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The Bottom of the Order: Jim Beam photo

I write this from a subterranean lair packed tight with things: books, CDs, LPs, cassettes, an old laptop or two, and a pile of baseball memorabilia. This is where I do my writing, on a desk among all this old stuff. The desk is in fact an old teak table, the one my wife and I used to eat on in those apartments we shared, with their warped floors and thin walls, and then in the kitchen of our first house, a prefab bungalow in the country. The table moved with us to this house, 130 miles west, give or take, about a decade ago, and as it did it shifted use.

Among the the piles of baseball junk, alongside a Ted Lilly Pez dispenser, a half-dozen souvenir balls, several bobbleheads, and a small toy Jose Bautista, there rests a ceramic liquor decanter, which is empty now but which once contained whiskey. Specifically bourbon. Specifically Jim Beam.

Bourbon's not really a baseball drink. I usually favor beer with my peanuts, popcorn, or hot dogs, but the connection isn't too much of a stretch. Beer's best on a hot afternoon, while bourbon on ice is the taste of close summer evenings, and on such an evening, if you're anywhere near where I'm at, there's likely a ballgame playing somewhere, on some device or other, in the next room, or behind the screen door, where you can hear it just enough to glean the count and the score, and you know by the rise in the announcer's voice when something important's happening.

The decanter is oddly shaped, bell-like, I guess, with squarish shoulders and a narrow neck. The bulk of it is a baseball, which sits atop a small flaring, just wide enough to permit the whole thing to stand. Overtop the baseball, in small black and large, faux-gilt lettering, are the words PROFESSIONAL BASEBALL'S 100TH ANNIVERSARY, and off to the sides the dates 1869 and 1969. Looming over all that, in the rectangle which pushes the vessel's shoulders out, is the image of a faceless righthanded batter who, having just struck the ball, is dropping his bat and surging forward out of the box, toward first base. On the back there is printed, within a blue-outlined shield, the old lie about Abner Doubleday as the game's creator, and the mention of the Cincinnati Red Stockings as first team of paid pros.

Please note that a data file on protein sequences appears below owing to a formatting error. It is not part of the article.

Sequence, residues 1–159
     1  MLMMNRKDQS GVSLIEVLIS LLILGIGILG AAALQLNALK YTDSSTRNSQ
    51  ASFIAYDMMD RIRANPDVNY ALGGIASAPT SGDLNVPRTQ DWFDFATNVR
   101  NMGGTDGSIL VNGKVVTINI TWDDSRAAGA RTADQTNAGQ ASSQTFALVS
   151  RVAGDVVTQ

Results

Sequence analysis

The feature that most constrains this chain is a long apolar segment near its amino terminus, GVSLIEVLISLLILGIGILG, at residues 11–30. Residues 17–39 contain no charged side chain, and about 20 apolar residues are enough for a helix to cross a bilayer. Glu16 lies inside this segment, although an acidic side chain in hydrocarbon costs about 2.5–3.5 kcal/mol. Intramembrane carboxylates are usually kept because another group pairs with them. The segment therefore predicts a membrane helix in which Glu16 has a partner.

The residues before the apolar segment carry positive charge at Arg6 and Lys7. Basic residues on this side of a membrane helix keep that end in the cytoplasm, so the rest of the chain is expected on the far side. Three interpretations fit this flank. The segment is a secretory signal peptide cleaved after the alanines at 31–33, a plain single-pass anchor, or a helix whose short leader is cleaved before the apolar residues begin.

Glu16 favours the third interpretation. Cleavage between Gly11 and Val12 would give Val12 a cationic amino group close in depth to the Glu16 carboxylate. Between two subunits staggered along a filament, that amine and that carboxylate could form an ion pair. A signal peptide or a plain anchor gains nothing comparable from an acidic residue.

Baseball is this year celebrating the 150th anniversary of that same date, and those selfsame Reds are commemorating the occasion by wearing an assortment of handsome and/or goofy throwback uniforms, all of which means this bottle is itself now fifty years old. It came into my possession about fifteen years ago, but before that I can't trace the chain of custody, except to say that whoever first owned it apparently purchased it in Wisconsin, according to the registered “State of --” sticker planted on its flank.

The shape and design of the object speaks to me of a time only shortly before I was born, a time of large cars, of my father's pipe smoke and plaid pants. It evokes Earl Weaver, and large, ovoid stadiums with artificial turf, accessed by mounting concrete spiral ramps, like artless Guggenheims. There was a particular quality of light in such stadiums, somewhere between parking lot and arcade, and in their bowels lay ill-lit, circular corridors, stacked rings of them, all indistinguishable from one another. In their lifetime they represented several different things: progress, unity, artificiality, decline, blight.

* * *

The decanter came into my hands empty, and I have never poured a bottle of whiskey into it. Still, if I remove the cork stopper and lean over the opening it smells faintly grainy, and there is a whisper of alcoholic tang. The scent leaves a dry, dusty, phantom sensation on my tongue, inspiring a thirst it refuses to satisfy.

It was a gift from my friend Paul. Paul has a habit of giving admirably thoughtful gifts. He also bestowed unto me the Billy Ripken FUCK FACE card, for example, which I keep under lock and key.